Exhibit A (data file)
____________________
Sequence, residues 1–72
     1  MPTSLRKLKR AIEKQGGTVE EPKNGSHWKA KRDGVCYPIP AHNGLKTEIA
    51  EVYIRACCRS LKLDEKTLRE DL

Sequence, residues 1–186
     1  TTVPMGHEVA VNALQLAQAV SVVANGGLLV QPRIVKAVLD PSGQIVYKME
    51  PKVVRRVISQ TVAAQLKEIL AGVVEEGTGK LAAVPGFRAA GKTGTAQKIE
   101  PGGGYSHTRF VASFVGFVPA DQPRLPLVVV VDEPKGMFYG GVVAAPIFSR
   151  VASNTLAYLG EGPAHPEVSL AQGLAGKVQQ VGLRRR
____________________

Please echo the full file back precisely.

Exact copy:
Sequence, residues 1–72
     1  MPTSLRKLKR AIEKQGGTVE EPKNGSHWKA KRDGVCYPIP AHNGLKTEIA
    51  EVYIRACCRS LKLDEKTLRE DL

Sequence, residues 1–186
     1  TTVPMGHEVA VNALQLAQAV SVVANGGLLV QPRIVKAVLD PSGQIVYKME
    51  PKVVRRVISQ TVAAQLKEIL AGVVEEGTGK LAAVPGFRAA GKTGTAQKIE
   101  PGGGYSHTRF VASFVGFVPA DQPRLPLVVV VDEPKGMFYG GVVAAPIFSR
   151  VASNTLAYLG EGPAHPEVSL AQGLAGKVQQ VGLRRR